[00:04:32] Adam Kaplan:
Well, I think it can be. You know, there are some great leaders, you know, Tim Cook's an introvert, yeah, I'm an introvert, and there's some great leaders that are introverts. As I recall, I think that was more of the tenor of what he was talking about, Jim Collins in the book.  

Not everyone wants to be front and center all the time. You know, I love working in teams, I love getting up in front of a room, but I like getting up in front of a small room. You know, I like getting up in front of three or four people and really digging in and having a good discussion with them. 

[00:05:09] Kim Ades:

[00:05:09] Adam Kaplan:
As opposed to getting up in front of a big audience. You know, that's not where I get my energy. 

[00:05:16] Kim Ades:
Right. So the reason why I'm pushing back on some of this is because essentially when you hang up your shingle, like, you know, the one where you're the fractional integrator, you're essentially running a business of your own.  

[00:05:32] Adam Kaplan:
So no doubt, and I've done it before. So, before I took on this assignment, I had my own search business recruiting integrators for nine years. 

[00:05:41] Kim Ades:

[00:05:42] Adam Kaplan:
So I did that and I sat in the seat and actually I came out of that business recognizing, you know, "I really should have hired a salesperson who was better than me earlier on". So, that's kind of the recognition where I come from. And that's why I'm happy to come on this show, you know, because I always want to be coachable and I always want to learn. I'm not the kind of person that feels that I know everything.  

[00:06:13] Kim Ades:
Okay. So, my question is you ran this recruiting integrator company and it did okay. 

[00:06:19] Adam Kaplan:

[00:06:19] Kim Ades:
It sounds like there was a little weakness on the sales front.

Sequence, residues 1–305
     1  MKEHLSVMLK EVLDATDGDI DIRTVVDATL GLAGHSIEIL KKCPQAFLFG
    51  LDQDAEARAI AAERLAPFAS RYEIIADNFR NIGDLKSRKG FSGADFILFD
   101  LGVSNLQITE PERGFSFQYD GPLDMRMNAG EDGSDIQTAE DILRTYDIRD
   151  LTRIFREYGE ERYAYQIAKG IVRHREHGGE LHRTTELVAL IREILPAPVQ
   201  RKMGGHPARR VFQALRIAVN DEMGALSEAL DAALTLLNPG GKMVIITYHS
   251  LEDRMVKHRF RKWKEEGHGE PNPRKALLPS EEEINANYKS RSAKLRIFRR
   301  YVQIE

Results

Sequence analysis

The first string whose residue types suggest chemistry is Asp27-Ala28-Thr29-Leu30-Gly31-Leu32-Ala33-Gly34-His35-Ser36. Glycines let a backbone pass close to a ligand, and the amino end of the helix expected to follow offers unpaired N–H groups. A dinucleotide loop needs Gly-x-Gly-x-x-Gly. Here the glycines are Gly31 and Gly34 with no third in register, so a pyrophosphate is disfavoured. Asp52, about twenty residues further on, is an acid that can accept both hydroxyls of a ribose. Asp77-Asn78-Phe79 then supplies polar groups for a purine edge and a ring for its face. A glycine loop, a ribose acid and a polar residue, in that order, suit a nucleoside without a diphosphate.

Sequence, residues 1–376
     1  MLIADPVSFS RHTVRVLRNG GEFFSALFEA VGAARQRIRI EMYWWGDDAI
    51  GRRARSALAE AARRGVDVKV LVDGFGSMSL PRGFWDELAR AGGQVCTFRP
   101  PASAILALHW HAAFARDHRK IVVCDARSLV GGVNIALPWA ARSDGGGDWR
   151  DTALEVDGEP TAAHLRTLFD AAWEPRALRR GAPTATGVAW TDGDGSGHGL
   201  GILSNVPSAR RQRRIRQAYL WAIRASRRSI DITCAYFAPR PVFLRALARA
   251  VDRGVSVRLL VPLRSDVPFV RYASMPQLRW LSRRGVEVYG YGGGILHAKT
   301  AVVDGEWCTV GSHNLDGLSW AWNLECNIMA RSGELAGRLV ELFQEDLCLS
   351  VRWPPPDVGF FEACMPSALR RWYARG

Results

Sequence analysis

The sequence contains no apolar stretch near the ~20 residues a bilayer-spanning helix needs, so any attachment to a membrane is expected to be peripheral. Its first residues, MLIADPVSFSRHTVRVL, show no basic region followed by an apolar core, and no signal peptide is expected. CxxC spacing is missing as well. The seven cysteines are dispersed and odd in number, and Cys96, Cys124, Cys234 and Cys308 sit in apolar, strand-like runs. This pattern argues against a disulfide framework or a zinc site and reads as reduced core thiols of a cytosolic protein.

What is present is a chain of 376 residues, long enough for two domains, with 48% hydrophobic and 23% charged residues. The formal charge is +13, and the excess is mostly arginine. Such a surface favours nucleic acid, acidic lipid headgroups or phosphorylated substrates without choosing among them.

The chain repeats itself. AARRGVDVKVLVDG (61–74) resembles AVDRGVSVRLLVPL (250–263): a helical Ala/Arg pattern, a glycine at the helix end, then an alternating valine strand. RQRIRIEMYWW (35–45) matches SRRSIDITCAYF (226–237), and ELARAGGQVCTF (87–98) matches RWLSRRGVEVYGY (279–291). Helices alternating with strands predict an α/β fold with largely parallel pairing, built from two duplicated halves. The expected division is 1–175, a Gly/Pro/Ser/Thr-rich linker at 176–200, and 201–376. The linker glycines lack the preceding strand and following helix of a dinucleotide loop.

[00:06:23] Adam Kaplan:

[00:06:23] Kim Ades:
Am I understanding you correctly? You're not actually interested in running a company right now. You're interested in finding your next marriage. Is that correct?  

[00:06:32] Adam Kaplan:
That's what I'm looking for at the moment. That's correct.  

[00:06:34] Kim Ades:
Okay. And so right now, my question for you would be two things. Is that actually what you want? Because from my perspective, it sounds like you have strong opinions about where a vision should go, right? Because if you didn't have that strong opinion, you'd follow your previous partner, who was the visionary, and you play your role, integrator.  

[00:07:04] Adam Kaplan:
It's a fair point. I need to think about that a little bit more. I think that a good vision is one born out of collaboration and partnership. I think that someone who just has their-- and I'm not talking really about a personal vision, because I think we all need to have our own personal visions for where we want to go in life professionally, personally, in our communities. 

But I think a business, especially today, is so complex to run. There are so many dimensions in it. It's not just buying low and selling high, the whole marketing component, digital component, the technology component. The world is changing so quickly, there are so many disruptors and then the disruptors are being disrupted. 

I mean, there's so much capital right now going in all kinds of different directions. So, I think it's really hard to develop a great vision by yourself. I think today. And I think visionaries, the ones I've worked with, the ones I've consulted for and placed for, I think they're hungry for that collaboration because I think the better ones can see the future, but they also, when they see the future, they can see what they don't know. 

[00:09:02] Kim Ades:
So you're looking for someone then who is willing to tune into the experts in the business and gather relevant data to make an appropriate decision about what it looks like to move forward.  

[00:09:22] Adam Kaplan:
Right. And by the way, my daughters historically have gone to camp in Algonquin Park in Canada. So we love our Canadian neighbors to the North. 

[00:09:34] Kim Ades:

[00:09:34] Adam Kaplan:
And sometimes to the South, actually. Canada is to the south of Detroit, many people don't know that. So yeah, I mean, I think different people bring different things to the table, right? Most visionaries are not good with numbers and they're not real analytical types and... you know, I'm a finance MBA, so that's one of the things I bring to the table. 

[00:10:01] Kim Ades:
So if I were to simply, like, talk about your problem, which is "how do I find more visionaries to date", right? That's one way to look at it.  

[00:10:13] Adam Kaplan:
More good ones. I would-- sorry, if I may clarify the problem, I would define it: how do I find more good visionaries to date. Right?  

[00:10:21] Kim Ades: